Lowe’s bans toxic PFAS chemicals in residential carpets and rugs it sells
By Jamie Nolan | Safer Chemicals, Healthy Families | October 30, 2019
Read full article by Jamie Nolan (Safer Chemicals, Healthy Families)
“WASHINGTON, D.C. – Today Lowe’s, North America’s second-largest home improvement retailer, announced that it will phase out the sale of all indoor residential carpets and rugs containing per- and polyfluoroalkyl substances (PFAS). The company stated: “All indoor residential carpet and rugs purchased by Lowe’s will be free of PFAS chemicals by January 2020.” The company also disclosed new restrictions on phthalates and other toxic chemicals in wall-to-wall carpet, paint, and fiberglass insulation. Lowe’s has more than 2,200 home improvement stores in the U.S. and Canada…
An Ecology Center report released in December 2018 found PFAS in half of all carpet samples tested (6 out of 12). PFAS are extremely persistent in the environment, and some of them build up in people and animals. They migrate out of consumer products into household dust and air, are released by industries, and contaminate drinking water and food. Once they are in our bodies, they stick around—with half-lives in people of up to eight years. Exposure to these compounds has been linked to a number of health concerns including cancer, hormone disruption, harm to the immune system, and liver, kidney, reproductive, and developmental toxicity.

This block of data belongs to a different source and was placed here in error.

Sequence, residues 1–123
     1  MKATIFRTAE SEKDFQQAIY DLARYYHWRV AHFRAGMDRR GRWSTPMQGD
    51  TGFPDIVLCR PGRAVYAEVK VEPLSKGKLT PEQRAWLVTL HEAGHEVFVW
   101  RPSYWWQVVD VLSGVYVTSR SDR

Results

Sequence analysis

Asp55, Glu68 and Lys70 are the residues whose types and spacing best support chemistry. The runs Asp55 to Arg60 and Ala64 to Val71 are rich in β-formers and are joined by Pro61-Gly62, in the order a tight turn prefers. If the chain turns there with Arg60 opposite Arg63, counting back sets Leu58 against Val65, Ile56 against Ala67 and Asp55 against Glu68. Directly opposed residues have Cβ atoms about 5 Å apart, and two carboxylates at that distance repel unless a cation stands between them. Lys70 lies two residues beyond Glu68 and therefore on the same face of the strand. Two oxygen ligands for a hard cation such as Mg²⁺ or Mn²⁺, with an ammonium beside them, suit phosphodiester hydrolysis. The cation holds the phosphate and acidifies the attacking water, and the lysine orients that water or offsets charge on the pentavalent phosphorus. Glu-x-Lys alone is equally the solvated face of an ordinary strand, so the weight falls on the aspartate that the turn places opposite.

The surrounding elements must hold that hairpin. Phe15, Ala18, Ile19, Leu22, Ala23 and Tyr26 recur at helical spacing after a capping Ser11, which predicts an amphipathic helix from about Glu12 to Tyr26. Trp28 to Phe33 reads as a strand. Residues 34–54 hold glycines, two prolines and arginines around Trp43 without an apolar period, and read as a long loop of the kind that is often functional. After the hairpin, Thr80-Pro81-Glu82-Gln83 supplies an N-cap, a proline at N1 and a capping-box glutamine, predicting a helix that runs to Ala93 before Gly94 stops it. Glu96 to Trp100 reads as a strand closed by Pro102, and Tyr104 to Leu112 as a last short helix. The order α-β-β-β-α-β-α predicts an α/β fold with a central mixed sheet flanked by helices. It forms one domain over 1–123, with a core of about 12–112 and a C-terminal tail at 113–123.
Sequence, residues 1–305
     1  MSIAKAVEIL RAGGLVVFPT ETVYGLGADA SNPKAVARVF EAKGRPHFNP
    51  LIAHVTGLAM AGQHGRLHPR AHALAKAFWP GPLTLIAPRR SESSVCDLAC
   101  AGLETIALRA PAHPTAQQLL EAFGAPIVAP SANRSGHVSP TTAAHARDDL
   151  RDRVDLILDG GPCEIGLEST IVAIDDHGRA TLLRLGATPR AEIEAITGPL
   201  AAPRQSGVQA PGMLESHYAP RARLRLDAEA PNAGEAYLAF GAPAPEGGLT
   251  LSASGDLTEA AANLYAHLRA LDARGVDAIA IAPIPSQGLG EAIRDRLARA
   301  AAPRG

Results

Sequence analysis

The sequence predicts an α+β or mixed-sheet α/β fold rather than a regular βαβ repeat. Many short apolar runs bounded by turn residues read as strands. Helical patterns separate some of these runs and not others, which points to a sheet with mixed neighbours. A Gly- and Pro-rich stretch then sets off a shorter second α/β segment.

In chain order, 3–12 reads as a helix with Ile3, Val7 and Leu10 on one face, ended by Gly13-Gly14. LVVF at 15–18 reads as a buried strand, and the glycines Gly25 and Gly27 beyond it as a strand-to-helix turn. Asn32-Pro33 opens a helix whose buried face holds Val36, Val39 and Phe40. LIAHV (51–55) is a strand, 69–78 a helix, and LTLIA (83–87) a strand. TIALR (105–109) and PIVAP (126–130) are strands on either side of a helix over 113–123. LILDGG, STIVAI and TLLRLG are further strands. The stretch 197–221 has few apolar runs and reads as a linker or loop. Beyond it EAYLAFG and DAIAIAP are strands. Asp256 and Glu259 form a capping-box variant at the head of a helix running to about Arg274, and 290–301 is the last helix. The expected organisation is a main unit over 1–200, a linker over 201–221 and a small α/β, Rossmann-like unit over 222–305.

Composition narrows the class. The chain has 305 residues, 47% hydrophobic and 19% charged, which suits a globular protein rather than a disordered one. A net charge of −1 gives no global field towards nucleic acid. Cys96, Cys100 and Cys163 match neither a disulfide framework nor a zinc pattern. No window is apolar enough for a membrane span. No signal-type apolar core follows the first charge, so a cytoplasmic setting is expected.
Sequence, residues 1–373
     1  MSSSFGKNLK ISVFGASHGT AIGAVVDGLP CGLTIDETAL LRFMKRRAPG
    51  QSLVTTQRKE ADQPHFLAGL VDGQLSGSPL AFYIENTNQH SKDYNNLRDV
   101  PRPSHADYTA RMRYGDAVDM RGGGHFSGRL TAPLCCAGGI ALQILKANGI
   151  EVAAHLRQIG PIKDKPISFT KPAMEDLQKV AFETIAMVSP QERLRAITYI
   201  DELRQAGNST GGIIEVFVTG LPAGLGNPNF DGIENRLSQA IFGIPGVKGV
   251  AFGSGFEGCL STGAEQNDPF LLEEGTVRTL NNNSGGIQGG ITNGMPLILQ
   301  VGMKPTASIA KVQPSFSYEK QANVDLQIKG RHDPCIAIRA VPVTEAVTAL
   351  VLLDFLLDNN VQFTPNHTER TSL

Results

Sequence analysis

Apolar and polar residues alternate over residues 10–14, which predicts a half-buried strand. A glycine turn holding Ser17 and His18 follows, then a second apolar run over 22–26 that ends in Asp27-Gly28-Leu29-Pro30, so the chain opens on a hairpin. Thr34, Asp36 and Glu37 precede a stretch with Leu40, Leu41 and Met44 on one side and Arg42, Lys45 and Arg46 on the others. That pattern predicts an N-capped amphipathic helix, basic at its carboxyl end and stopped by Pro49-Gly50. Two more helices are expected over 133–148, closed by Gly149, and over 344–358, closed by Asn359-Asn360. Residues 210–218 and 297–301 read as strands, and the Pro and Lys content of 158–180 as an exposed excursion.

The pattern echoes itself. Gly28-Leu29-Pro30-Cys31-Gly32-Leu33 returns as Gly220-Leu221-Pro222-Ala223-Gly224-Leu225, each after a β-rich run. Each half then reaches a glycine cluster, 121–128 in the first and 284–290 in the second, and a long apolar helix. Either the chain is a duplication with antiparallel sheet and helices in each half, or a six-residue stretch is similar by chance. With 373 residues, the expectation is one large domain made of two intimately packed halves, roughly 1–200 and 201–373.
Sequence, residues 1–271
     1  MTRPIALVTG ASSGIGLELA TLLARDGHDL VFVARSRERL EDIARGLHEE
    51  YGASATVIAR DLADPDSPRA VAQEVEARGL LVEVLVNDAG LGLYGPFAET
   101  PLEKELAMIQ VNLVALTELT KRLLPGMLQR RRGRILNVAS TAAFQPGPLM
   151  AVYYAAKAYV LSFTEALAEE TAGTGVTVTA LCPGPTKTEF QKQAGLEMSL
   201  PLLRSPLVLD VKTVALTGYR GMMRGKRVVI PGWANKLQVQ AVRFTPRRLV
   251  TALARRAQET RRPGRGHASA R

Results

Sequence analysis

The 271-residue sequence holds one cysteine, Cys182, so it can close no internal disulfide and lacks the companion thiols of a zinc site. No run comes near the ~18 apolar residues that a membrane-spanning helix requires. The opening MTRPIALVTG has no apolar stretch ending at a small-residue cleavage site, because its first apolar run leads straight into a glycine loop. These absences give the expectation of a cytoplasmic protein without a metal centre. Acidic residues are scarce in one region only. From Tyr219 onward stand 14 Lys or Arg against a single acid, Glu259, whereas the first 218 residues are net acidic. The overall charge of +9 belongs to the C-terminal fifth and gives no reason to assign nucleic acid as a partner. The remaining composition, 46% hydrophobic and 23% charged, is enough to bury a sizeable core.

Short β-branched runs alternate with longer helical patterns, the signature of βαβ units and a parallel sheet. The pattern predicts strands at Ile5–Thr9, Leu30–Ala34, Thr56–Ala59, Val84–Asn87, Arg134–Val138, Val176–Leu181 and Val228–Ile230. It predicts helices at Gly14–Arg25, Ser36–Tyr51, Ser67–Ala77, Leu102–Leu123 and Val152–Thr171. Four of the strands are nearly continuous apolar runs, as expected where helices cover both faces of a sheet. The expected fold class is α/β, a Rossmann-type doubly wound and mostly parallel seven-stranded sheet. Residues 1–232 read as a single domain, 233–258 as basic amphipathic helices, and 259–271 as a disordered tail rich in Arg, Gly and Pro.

Lowe’s is the latest retailer to announce a policy commitment to reduce toxic PFAS chemicals in consumer products. In September, The Home Depot announced it was phasing out the sale of all carpets and rugs containing PFAS and Ahold Delhaize launched a new safer chemicals policy restricting PFAS and other chemicals in food packaging…
Lowe’s’ new policy commitment comes just three weeks before the release of the 2019 ‘Who’s Minding the Store?‘ retailer report card, which benchmarks retailers on their safer chemicals policies and implementation programs. Lowe’s earned a D in the 2018 report card, which was released before Lowe’s published its safer chemicals policy last year.”
This content provided by the PFAS Project.